No-Fault Auto Insurance
Most personal injury law firms have some experience handling car accidents and other motor vehicle collisions. At The Garvin Law Firm, our Fort Myers car accident lawyers have more than 40 years of it, and we consistently secure substantial results for our clients.
Florida car accident injury claims are somewhat unique compared to many other states because we have something called a “no-fault” auto insurance system. As it stands, we’re one of only a dozen states that uses this kind of system.
The basic idea behind it is that policyholders can recover financial losses from their own auto accident injuries – no matter who is at fault. It restricts one’s right to sue the at-fault party in a collision to circumstances involving serious injury and death. The first-party benefit coverage is known as personal injury protection (PIP).
Florida’s no-fault insurance law, F.S. 627.7407, allows for coverage of a portion of medical expenses and lost wages – up to $10,000 – to be paid to the policyholder, passengers and resident relatives (and in some cases, an injured bicyclist or pedestrian) following a crash with injuries.
If you have ever been seriously injured in a crash, you know that $10,000 can go quickly. When you’re looking for the best injury attorney in Fort Myers, you need to be certain they will help you receive maximum damages under PIP, and further explore the possibility of seeking compensatory damages from the at-fault driver and other defendants.What Does Florida PIP Cover?
As outlined in F.S. 627.736, PIP is an insurance policy that provides personal injury protection benefits to:
- The named insured;
- Relatives residing in the same household;
- Passengers in the motor vehicle;
- Other persons struck by the motor vehicle who suffered bodily injury while not an occupant of a self-propelled vehicle (i.e., bicyclists and pedestrians). (It should be noted that bicyclists and pedestrians can also seek PIP through their own auto insurer, but because the state does not require bicyclists and pedestrians to carry auto insurance, they can alternatively claim it from the at-fault driver’s PIP policy.)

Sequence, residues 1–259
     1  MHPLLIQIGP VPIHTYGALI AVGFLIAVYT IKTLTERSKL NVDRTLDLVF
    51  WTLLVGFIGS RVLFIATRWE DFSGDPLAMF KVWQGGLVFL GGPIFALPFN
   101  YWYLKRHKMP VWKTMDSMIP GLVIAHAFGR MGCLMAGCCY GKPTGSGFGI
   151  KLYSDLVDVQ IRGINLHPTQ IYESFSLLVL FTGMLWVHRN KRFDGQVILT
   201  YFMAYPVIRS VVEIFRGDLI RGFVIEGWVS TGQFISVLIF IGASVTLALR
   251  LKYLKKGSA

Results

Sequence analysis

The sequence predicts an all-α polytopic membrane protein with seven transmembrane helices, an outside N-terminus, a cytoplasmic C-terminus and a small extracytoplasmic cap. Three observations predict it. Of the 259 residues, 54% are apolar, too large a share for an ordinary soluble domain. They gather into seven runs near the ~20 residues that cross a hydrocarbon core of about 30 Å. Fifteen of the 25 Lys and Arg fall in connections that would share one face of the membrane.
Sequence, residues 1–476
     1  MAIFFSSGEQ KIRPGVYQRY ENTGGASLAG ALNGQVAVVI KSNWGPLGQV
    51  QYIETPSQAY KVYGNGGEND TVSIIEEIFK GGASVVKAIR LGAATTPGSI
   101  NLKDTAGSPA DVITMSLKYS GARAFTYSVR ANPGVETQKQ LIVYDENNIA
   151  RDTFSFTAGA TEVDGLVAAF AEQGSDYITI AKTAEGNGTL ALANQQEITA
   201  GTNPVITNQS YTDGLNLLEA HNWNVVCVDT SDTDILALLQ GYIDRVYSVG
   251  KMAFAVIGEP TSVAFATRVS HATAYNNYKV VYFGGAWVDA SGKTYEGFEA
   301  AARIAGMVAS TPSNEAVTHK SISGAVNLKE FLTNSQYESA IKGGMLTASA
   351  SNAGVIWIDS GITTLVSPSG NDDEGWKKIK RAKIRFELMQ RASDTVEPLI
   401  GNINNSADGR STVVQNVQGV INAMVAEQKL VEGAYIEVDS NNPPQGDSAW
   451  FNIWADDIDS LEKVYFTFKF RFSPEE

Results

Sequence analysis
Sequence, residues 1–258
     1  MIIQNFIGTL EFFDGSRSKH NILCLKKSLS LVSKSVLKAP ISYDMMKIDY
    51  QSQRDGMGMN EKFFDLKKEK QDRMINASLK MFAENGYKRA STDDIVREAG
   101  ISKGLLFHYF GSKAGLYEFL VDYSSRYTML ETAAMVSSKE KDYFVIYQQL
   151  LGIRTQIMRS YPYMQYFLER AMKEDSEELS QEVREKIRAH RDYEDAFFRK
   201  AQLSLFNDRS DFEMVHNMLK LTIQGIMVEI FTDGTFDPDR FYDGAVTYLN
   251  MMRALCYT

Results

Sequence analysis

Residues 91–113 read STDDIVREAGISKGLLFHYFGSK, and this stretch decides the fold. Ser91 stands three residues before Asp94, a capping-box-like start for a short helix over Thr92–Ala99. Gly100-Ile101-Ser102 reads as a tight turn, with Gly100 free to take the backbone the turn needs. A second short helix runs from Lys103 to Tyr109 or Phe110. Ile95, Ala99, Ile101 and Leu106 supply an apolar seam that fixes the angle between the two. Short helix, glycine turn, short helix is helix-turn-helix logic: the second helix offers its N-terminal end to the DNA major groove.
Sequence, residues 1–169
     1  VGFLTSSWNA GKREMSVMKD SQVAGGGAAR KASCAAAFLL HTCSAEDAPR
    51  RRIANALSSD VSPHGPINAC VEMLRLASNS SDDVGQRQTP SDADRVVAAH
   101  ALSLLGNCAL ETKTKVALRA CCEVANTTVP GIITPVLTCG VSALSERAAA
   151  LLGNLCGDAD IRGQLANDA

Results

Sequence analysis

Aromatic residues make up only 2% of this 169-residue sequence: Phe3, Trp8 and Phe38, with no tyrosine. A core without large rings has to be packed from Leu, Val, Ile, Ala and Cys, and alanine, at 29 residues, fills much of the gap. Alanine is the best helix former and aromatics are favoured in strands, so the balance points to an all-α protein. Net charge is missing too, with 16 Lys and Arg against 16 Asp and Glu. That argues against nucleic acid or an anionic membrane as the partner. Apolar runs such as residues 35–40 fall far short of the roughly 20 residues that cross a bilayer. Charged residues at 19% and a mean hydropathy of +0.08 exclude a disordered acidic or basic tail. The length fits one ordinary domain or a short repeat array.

One of the most important elements of PIP coverage is medical benefits. The statute provides for coverage of 80 percent of all “medically-necessary” medical, surgical, X-ray, dental and disability benefits. These must be received within the first 14 days after the crash, and are limited to certain types of health care providers (i.e., orthopedic doctors, physical therapists, radiologists, general medicine, etc.).
Although the limit on PIP benefits is $10,000, that assumes the injured person had an “emergency medical condition” as designated by physician or advanced registered nurse practitioner. If crash victim did not have an emergency medical condition, he or she will be limited to reimbursement of just $2,500.
There are also disability benefits available if you are forced to take time off work due to your crash-related injuries. PIP will provide 60 percent of any loss of gross income and earning capacity suffered as a result of your injuries. You can also receive compensation for all reasonable expenses incurred in obtaining help from others with ordinary or necessary services you would have otherwise performed without income in your home. These benefits are payable every two weeks.
PIP also offers $5,000 in death benefits for a fatality resulting from injury, illness, disease or death arising out of one’s ownership, maintenance or use of a vehicle. These benefits are in addition to those received for medical and disability under the policy. Insurers can pay these benefits to the administrator of decedent’s estate or to the deceased’s relatives.
We should point out there are numerous authorized exclusions in PIP, which include injuries sustained by the insured and resident relatives while in a vehicle owned by the insured but not insured under the policy or for injuries suffered by someone operating a covered vehicle without the vehicle owner’s permission. Further, PIP coverage is subject to your deductible, as outlined by the policy.When Can I Sue the At-Fault Driver?
As noted earlier, $10,000 often doesn’t go far in a car accident case with serious injuries. But you must first meet certain criteria before you can pursue action against the other motorist.
The circumstances under which you can “step out” of the no-fault system and pursue a claim for damages against a negligent driver, pursuant to F.S. 627.737(2), are as follows:
- You suffered significant as well as permanent loss of a vital bodily function.
- You suffered permanent injury within a reasonable degree of medical probability (aside from disfigurement or scarring).
- You suffered permanent and significant disfigurement or scarring.
Defendants have the right to challenge whether you’ve met these requirements, so it’s essential you are prepared and hire an experienced car accident attorney in Southwest Florida.
Contact our Fort Myers car accident attorneys at The Garvin Law Firm today at 239.277.0005 or online for a free case review.